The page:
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PubSub interface for libp2p

Generalized publish/subscribe interface for libp2p.

Lifecycle Stage Maturity Status Latest Revision
3A Recommendation Active r3, 2020-09-25

Authors: @whyrusleeping, @protolambda, @raulk, @vyzo.

Interest Group: @yusefnapora, @raulk, @vyzo, @Stebalien, @jamesray1, @vasco-santos

See the lifecycle document for context about maturity level and spec status.

Table of Contents


This is the specification for generalized pubsub over libp2p. Pubsub in libp2p is currently still experimental and this specification is subject to change. This document does not go over specific implementation of pubsub routing algorithms, it merely describes the common wire format that implementations will use.

libp2p pubsub currently uses reliable ordered streams between peers. It assumes that each peer is certain of the identity of each peer it is communicating with. It does not assume that messages between peers are encrypted, however encryption defaults to being enabled on libp2p streams.

You can find information about the PubSub research and notes in the following repos:



All communication between peers happens in the form of exchanging protobuf RPC messages between participating peers.

The RPC protobuf is as follows:

message RPC {
	repeated SubOpts subscriptions = 1;
	repeated Message publish = 2;

	message SubOpts {
		optional bool subscribe = 1;
		optional string topicid = 2;

This is a relatively simple message containing zero or more subscription messages, and zero or more content messages. The subscription messages contain a topicid string that specifies the topic, and a boolean signifying whether to subscribe or unsubscribe to the given topic. True signifies 'subscribe' and false signifies 'unsubscribe'.

The Message

The RPC message can contain zero or more messages of type 'Message'. The Message protobuf looks like this:

message Message {
	optional string from = 1;
	optional bytes data = 2;
	optional bytes seqno = 3;
	repeated string topicIDs = 4;
	optional bytes signature = 5;
	optional bytes key = 6;

The optional fields may be omitted, depending on the signature policy and message ID function.

The from field (optional) denotes the author of the message. This is the peer who initially authored the message, and NOT the peer who propagated it. Thus, as the message is routed through a swarm of pubsubbing peers, the original authorship is preserved.

The seqno field (optional) is a 64-bit big-endian uint that is a linearly increasing number that is unique among messages originating from each given peer. No two messages on a pubsub topic from the same peer should have the same seqno value, however messages from different peers may have the same sequence number. In other words, this number is not globally unique. It is used in conjunction with from to derive a unique message_id (in the default configuration).

Henceforth, we define the term origin-stamped messaging to refer to messages whose from and seqno fields are populated.

The data (optional) field is an opaque blob of data representing the payload. It can contain any data that the publisher wants it to.

The topicIDs field specifies a set of topics that this message is being published to.

The signature and key fields (optional) are used for message signing, if such feature is enabled, as explained below.

The size of the Message should be limited, say to 1 MiB, but could also be configurable, for more information see issue 118, while messages should be rejected if they are over this size. Note that for applications where state such as messages is stored, such as blockchains, it is suggested to have some kind of storage economics (see e.g. here, here and here).

Message Identification

Pubsub requires to uniquely identify messages via a message ID. This enables a wide range of processes like de-duplication, tracking, scoring, circuit-breaking, and others.

The message_id is calculated from the Message struct.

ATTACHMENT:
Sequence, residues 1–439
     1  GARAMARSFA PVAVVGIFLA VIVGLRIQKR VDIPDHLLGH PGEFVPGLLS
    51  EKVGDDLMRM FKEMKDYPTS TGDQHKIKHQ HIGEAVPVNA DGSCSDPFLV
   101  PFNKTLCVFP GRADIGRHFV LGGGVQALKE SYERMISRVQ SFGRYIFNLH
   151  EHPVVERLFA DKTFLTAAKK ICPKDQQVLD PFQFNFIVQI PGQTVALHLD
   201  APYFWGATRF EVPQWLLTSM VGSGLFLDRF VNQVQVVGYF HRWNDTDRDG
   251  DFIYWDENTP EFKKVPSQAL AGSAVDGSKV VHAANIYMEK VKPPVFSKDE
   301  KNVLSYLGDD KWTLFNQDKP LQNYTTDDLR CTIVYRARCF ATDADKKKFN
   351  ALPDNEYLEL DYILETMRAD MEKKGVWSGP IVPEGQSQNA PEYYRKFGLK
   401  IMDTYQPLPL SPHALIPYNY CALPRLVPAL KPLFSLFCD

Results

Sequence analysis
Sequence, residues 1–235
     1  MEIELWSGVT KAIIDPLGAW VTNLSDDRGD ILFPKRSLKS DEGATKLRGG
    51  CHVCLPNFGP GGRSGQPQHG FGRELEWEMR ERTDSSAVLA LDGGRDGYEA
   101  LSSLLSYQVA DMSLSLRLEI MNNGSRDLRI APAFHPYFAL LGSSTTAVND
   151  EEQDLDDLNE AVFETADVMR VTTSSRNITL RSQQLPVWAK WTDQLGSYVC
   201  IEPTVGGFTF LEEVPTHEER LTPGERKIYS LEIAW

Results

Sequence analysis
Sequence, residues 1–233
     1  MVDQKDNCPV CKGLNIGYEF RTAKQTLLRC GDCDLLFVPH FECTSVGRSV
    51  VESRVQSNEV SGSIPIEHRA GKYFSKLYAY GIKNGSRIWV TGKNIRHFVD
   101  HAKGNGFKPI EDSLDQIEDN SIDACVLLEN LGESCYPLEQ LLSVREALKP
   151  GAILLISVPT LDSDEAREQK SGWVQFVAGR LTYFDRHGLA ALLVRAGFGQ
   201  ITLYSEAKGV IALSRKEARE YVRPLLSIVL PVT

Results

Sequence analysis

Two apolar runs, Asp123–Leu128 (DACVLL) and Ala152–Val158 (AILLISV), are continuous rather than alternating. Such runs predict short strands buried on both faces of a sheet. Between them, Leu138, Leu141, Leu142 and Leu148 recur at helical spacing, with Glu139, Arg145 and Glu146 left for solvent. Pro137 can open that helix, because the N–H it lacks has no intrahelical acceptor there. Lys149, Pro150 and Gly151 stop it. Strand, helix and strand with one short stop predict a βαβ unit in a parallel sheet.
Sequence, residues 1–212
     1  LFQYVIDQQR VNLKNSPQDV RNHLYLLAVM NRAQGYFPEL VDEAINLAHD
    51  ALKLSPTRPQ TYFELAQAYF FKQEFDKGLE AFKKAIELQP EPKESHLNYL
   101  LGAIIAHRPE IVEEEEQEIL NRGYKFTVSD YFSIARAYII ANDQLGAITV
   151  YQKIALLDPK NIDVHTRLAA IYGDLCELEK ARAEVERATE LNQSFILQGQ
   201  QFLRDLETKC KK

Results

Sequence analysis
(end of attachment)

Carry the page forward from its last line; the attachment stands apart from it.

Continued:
By default, origin-stamping is in force. This strategy relies on the string concatenation of the from and seqno fields, to uniquely identify a message based on the author.

Alternatively, a user-defined message_id_fn may be supplied, where message_id_fn(Message) => message_id. Such a function could compute the hash of the data field within the Message, and thus one could reify content-addressed messaging.

If fabricated collisions are not a concern, or difficult enough within the window the message is relevant in, a message_id based on a short digest of inputs may benefit performance.

[[ Margin note ]]: There's a potential caveat with using hashes instead of seqnos: the peer won't be able to send identical messages (e.g. keepalives) within the timecache interval, as they will get treated as duplicates. This consequence may or may not be relevant to the application at hand. Reference: #116.

Note that the availability of these fields on the Message object will depend on the signature policy configured for the topic.

Whichever the choice, it is crucial that all peers participating in a topic implement identical message ID calculation logic, or the topic will malfunction.

[[ Implementation note ]]: At the time of writing this section, go-libp2p-pubsub (reference implementation of this spec) only allows configuring a single top-level message_id_fn. This function may, however, vary its behaviour based on the topic (contained inside its Message) argument. Thus, it's feasible to implement a per-topic policy using branch selection control flow logic. In the near future, go-libp2p-pubsub plans to push down the configuration of the message_id_fn to the topic level. Other implementations are encouraged to do the same.

Message Signing

Signature behavior is configured in two axes: signature creation, and signature verification.

Signature creation. There are two configurations possible:

  • Sign: when publishing a message, perform origin-stamping and produce a signature.
  • NoSign: when publishing a message, do not perform origin-stamping and do not produce a signature.

For signing purposes, the signature and key fields are used:

  • The signature field contains the signature.
  • The key field contains the signing key when it cannot be inlined in the source peer ID (from). When present, it must match the peer ID.

The signature is computed over the marshalled message protobuf excluding the signature field itself.

This includes any fields that are not recognized, but still included in the marshalled data.

The protobuf blob is prefixed by the string libp2p-pubsub: before signing.

[[ Margin note: ]] Protobuf serialization is non-deterministic/canonical, and the same data structure may result in different, valid serialised bytes across implementations, as well as other issues. In the near future, the signature creation and verification algorithm will be made deterministic.

Signature verification. There are two configurations possible:

  • Strict: either expect or not expect a signature.
  • Lax (legacy, insecure, underterministic, to be deprecated): accept a signed message if the signature verification passes, or if it's unsigned.